This NASA-Funded Study Answers Why Astronauts Can't Have Salad In Space

Space exploration, especially when considering ambitious ideas such as establishing a base on the Moon, colonizing Mars, and venturing beyond with manned missions. Food supplies are a key concern, as growing them at scale for long-term missions is yet to materialize, re-supply journeys are time-consuming as well as expensive, and there are also chances of health mishaps if any aspect is ignored. Adding to the complexities is a pair of new research papers that claim eating leafy greens such as lettuce in space isn't a good idea due to risks of pathogenic contamination.

Experts at the University of Delaware conducted experiments on lettuce grown in conditions simulating the microgravity situation aboard the International Space Station. They found that plants become more susceptible to bacterial infection in space. Gravity is the key agent here. When plants lose their sense of direction and gravity, it affects not only their growth but also some crucial functions, including one that keeps harmful pathogens like salmonella at bay from wreaking havoc.

Among the multiple routes through which pathogens such as salmonella and E. coli enter a plant's system are stomata — the tiny pores found on the surface of leaves that allow gas exchange. During the tests, the team's lettuce habitats in space-like conditions had their stomatal pores open wider instead of closing as expected, leaving them prone to infection compared to the typical growth conditions on Earth. In a nutshell, eating a salad made from such space-farmed lettuce would be a risky business.

Shattering salad dreams

The findings, published in Nature and Scientific Reports, note that plants keeping their stomata open when exposed to salmonella was a surprise. To test their theory, the team mimicked the conditions aboard a space habitat by creating an artificial microgravity situation and continuously rotating the whole apparatus so that the plants lose their sense of direction, which they monitor using the root growth patterns. However, the team discovered another crucial vulnerability during their experiments.

On Earth, a chemical agent called UD1022 bolsters the immunity of plants against pathogens, but it failed to do its intended job against salmonella under microgravity conditions. That presents a fundamental problem without any solid solution or deep scientific research available to handle it. According to experts, the first line of defense is to use sterilized seeds that are superficially more resilient to microbial attack when grown in space. But that's not a fool-proof solution, considering the fact that the space stations are giant tubes with a ton of microbes across the bacterial and fungal ecosystems.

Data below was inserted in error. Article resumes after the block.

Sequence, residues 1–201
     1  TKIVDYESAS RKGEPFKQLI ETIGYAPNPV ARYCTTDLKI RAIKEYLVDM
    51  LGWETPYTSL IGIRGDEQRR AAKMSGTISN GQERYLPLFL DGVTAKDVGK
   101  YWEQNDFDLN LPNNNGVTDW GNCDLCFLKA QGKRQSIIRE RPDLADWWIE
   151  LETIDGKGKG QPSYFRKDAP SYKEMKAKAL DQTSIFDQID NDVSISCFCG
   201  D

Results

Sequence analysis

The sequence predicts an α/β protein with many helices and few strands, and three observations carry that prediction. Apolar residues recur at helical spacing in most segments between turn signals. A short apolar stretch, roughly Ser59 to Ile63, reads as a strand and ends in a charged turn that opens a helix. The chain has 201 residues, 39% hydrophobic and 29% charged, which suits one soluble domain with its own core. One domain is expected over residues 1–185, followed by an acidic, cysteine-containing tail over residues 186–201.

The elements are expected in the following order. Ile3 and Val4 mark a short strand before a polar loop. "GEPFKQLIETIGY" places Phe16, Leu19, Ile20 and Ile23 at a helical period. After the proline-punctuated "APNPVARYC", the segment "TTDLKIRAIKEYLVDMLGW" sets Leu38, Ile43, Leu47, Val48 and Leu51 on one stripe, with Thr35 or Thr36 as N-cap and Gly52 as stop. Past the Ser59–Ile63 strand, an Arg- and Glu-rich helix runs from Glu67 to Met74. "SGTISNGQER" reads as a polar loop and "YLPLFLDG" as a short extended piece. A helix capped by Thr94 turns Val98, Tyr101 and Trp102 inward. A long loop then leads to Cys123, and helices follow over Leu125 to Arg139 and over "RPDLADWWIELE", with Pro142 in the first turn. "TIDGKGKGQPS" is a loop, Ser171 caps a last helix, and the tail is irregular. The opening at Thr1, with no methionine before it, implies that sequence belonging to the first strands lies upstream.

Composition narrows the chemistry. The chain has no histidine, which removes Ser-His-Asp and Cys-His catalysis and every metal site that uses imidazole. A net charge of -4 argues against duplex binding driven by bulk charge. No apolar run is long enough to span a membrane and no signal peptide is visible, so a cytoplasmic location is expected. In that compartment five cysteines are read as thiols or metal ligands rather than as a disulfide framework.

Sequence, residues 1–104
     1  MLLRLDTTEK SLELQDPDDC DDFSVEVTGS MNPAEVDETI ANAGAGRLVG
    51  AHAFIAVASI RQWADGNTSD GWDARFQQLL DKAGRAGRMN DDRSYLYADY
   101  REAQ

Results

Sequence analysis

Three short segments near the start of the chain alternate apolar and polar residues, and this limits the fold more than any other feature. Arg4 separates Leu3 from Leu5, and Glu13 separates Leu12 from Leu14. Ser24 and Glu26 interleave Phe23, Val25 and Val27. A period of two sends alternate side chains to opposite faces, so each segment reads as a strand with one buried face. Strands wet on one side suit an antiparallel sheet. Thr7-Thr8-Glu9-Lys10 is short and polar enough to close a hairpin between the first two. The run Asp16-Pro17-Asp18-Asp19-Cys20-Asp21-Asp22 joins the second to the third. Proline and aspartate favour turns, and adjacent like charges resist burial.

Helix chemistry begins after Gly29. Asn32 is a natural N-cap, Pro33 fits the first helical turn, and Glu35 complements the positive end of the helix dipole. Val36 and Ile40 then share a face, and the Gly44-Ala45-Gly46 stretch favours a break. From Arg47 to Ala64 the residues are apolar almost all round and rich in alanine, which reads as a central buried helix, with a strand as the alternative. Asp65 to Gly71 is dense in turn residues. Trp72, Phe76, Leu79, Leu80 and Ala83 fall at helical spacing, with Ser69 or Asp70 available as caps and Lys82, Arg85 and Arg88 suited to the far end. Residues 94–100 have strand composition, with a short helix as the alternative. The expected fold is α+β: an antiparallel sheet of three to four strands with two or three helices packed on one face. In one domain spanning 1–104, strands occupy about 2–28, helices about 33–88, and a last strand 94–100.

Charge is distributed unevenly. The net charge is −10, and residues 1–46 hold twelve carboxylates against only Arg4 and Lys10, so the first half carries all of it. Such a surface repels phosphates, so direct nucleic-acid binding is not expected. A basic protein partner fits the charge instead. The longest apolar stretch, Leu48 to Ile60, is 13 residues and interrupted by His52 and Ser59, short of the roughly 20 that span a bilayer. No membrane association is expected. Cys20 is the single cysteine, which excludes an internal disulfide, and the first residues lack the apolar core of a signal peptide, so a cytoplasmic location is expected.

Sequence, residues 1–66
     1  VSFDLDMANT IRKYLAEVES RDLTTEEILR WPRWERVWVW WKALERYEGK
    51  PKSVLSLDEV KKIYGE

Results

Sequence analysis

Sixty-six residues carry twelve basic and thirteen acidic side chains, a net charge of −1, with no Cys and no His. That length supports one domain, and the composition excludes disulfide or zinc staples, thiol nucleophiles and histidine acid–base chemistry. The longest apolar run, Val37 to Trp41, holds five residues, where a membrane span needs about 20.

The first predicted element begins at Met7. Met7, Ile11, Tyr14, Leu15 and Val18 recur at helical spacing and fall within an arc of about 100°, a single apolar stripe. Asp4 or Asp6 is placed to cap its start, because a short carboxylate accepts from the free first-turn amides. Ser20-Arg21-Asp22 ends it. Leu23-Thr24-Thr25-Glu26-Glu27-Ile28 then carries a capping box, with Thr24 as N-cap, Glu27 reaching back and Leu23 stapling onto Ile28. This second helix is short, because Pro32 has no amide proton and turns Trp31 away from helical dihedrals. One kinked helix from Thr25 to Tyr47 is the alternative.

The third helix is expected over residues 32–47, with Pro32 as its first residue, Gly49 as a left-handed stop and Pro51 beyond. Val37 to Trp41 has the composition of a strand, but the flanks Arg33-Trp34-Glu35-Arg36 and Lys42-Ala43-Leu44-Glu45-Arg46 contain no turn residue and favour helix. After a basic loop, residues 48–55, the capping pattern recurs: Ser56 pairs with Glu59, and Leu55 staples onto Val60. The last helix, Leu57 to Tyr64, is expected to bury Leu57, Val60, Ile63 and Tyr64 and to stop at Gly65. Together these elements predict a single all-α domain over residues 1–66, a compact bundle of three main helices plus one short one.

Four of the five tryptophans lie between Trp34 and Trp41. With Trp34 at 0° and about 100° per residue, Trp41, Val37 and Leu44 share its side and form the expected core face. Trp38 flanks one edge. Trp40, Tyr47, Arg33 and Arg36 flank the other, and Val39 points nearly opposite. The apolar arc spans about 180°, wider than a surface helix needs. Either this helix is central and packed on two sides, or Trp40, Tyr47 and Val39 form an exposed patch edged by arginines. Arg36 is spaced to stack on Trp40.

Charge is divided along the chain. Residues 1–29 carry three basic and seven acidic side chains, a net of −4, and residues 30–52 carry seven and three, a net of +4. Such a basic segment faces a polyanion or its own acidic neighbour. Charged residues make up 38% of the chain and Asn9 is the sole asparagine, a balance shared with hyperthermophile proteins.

Plus, humans are home to various microbes, and floating habitats like the International Space Station could also be home to potentially dangerous life forms. "There is still a possibility that the assortment of microbial hitchhikers could include disease-causing pathogens that might make the crew sick," says NASA. The agency adds that owing to the extreme conditions in space, some can even make genetic changes and develop anti-microbial properties.

Long road ahead

The safest option going ahead, if astronauts hope to munch on leafy greens like lettuce on space missions, is to develop genetically modified plant varieties that don't fall prey to pathogens when cultivated in space. But that's easier said than done, as it takes years of trial and testing and accounting for the fact that resistance to one class of pathogens doesn't increase the resistance to another class of pathogens. In the case of the humble lettuce, the team is evaluating multiple varieties of the salad mainstay, each with different genetic makeup, to find those offering the safest growth in space-like conditions.

What's puzzling is that at this point, we don't know the extent to which plants are susceptible to attack by bacterial pathogens — including human-borne pathogens — when they are grown in microgravity. One of the papers notes that there is an "alarming knowledge gap" in this domain, especially in the wake of the unintentional introduction of pathogens that have hitched a ride to the space station through food supplies. The findings are worrisome, as they effectively confirm that pathogens can bypass a plant's native immunity when grown during spaceflights destined for long-term missions.

NASA astronauts have enjoyed red lettuce grown in space, but only after years of vetting. So far, there have been no instances where a pathogenic infection or food-related outbreak has happened on the space station. However, past research has clarified that pathogens like Salmonella also become more dangerous in space.